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Judicial Advisor Says Allowing Women to Drive Cars Would Risk Damaging Their Ovaries

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Women’s rights groups campaign to end ban on women drivers in Saudi Arabia

A Saudi Arabian judicial advisor, Sheikh Saleh bin Mohammed al-Lohaidan, has declared that allowing women to drive would put their ovaries at risk, as well as create problems for bearing children.

In the Kingdom of Saudi Arabia only men are permitted to obtain a driving license.

Mohammed al-Lohaidan’s controversial comments come in the wake of a recent campaign set up to end the nationwide ban on women being allowed to drive. The campaign is being supported by prominent women's rights groups, who have been encouraging people to sign a petition which began on Twitter and has so far accumulated 11,000 signatures.

This recent movement by activists is the latest in two decades of various campaigns aimed at overturning the ban.

The ban on women drivers in the Kingdom is imposed by the police by way of both fines and even arrests, with charges usually made on political grounds. 

The campaign, which has rapidly gained widespread support from women activists, is preparing to hold a protest on 26 October in defiance of the ban.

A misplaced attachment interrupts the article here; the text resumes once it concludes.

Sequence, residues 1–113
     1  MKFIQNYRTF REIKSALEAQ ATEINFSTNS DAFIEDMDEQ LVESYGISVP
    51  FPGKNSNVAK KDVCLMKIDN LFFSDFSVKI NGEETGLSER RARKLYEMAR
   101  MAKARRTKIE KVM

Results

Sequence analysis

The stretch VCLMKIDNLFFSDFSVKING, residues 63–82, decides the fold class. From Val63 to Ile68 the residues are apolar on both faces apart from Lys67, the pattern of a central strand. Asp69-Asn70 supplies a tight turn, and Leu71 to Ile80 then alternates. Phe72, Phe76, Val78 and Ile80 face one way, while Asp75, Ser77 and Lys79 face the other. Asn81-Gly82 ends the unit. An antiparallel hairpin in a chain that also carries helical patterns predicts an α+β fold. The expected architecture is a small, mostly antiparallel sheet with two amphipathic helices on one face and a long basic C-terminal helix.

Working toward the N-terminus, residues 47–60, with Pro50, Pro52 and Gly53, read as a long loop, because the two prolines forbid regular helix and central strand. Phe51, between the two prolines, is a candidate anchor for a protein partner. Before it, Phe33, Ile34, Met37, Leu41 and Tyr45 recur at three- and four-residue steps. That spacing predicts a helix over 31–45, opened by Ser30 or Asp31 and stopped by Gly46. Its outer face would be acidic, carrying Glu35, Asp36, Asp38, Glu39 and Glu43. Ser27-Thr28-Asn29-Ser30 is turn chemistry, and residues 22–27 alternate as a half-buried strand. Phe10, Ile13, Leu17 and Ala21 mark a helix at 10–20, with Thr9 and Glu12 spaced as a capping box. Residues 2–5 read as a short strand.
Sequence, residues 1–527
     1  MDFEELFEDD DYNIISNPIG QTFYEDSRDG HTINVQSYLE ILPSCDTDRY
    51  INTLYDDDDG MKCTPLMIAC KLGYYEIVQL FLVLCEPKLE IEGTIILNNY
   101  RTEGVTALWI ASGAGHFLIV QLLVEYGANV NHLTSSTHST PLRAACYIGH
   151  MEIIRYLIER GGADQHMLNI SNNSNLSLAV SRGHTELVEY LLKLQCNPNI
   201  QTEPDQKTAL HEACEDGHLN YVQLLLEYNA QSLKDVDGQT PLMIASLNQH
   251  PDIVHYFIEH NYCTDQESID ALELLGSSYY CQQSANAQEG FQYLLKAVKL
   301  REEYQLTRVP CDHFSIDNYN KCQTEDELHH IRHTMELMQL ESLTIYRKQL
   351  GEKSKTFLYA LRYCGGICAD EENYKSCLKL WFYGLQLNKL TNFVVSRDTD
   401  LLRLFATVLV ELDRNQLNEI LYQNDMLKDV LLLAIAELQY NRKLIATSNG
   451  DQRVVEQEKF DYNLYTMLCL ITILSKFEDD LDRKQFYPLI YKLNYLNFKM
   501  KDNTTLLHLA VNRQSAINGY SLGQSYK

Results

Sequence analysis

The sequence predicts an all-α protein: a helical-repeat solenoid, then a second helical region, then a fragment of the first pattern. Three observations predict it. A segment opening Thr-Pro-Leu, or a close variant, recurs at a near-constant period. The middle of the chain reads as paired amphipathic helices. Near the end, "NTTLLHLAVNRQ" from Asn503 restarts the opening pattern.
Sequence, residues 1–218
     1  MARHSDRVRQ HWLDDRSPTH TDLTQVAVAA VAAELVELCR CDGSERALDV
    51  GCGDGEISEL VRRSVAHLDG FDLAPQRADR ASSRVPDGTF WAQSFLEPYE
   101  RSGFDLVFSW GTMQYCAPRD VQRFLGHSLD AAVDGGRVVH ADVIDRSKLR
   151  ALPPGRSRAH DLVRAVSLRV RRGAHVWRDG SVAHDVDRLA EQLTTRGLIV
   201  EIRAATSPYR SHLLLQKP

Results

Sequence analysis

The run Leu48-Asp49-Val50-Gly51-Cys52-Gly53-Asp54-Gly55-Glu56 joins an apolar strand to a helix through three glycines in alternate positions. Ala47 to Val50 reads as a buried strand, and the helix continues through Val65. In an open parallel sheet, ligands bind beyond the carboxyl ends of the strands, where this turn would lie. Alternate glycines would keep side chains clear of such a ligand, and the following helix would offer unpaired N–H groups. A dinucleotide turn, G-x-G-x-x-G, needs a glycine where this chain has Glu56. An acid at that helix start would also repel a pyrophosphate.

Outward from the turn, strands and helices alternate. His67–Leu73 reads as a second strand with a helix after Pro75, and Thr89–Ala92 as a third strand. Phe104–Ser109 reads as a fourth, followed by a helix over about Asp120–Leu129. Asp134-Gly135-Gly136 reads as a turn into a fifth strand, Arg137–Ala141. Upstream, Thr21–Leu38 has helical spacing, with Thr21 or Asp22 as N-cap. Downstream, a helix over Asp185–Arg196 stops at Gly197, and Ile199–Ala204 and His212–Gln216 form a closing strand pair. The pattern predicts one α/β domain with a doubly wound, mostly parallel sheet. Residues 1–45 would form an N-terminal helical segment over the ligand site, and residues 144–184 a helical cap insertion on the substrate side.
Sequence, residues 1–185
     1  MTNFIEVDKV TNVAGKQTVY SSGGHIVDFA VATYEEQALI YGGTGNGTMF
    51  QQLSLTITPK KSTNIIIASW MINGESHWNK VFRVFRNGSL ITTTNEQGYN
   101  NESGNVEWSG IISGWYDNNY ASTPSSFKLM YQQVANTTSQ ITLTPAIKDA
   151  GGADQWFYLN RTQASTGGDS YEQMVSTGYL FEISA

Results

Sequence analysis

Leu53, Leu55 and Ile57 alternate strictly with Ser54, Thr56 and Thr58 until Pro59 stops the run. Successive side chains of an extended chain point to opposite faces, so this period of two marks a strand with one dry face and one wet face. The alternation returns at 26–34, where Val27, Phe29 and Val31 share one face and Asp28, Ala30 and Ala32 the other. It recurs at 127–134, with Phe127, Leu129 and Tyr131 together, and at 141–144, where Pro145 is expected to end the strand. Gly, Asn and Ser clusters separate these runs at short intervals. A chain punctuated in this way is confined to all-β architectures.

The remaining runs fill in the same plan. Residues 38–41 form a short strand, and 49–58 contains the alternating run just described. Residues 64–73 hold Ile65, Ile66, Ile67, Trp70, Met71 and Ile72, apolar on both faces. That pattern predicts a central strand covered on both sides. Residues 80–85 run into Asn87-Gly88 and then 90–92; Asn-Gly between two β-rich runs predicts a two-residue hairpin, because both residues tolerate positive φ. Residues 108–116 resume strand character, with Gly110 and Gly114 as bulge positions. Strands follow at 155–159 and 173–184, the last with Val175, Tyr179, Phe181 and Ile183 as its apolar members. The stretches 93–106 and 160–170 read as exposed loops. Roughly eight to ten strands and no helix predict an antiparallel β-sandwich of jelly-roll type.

The Kingdom of Saudi Arabia blocked the campaign’s website on Sunday.

On Friday, the Arabic website sabq.org published an interview with the conservative Saudi Mohammed al-Lohaidan, a judicial advisor to an association of Gulf psychologists.

In the interview, directing himself towards the activists attempting to end the ban on women drivers,  he stated that these women should put “reason ahead of their hearts, emotions and passions.”

"If a woman drives a car” he continues, “not out of pure necessity, that could have negative physiological impacts as functional and physiological medical studies show that it automatically affects the ovaries and pushes the pelvis upwards."

"That is why we find those who regularly drive have children with clinical problems of varying degrees," he told Sabq.

His comments were not supported by any reference to medical reports or studies.

Sheikh Saleh bin Mohammed al-Lohaidan’s interview represents a widespread conservative point of view throughout the Kingdom on the status of women driving.

However the King of Saudi Arabia, Abdullah, has recently put forward some tentative amendments designed to increase women’s rights a little in the Kingdom. Some of these changes include better employment opportunities, although the issue of women driving has not yet been brought to the table.

The head of morality police, Sheikh Abdulatif Al al-Sheikh, told Reuters however that there is nothing in Sharia or Islamic law that specifically bans women from driving.

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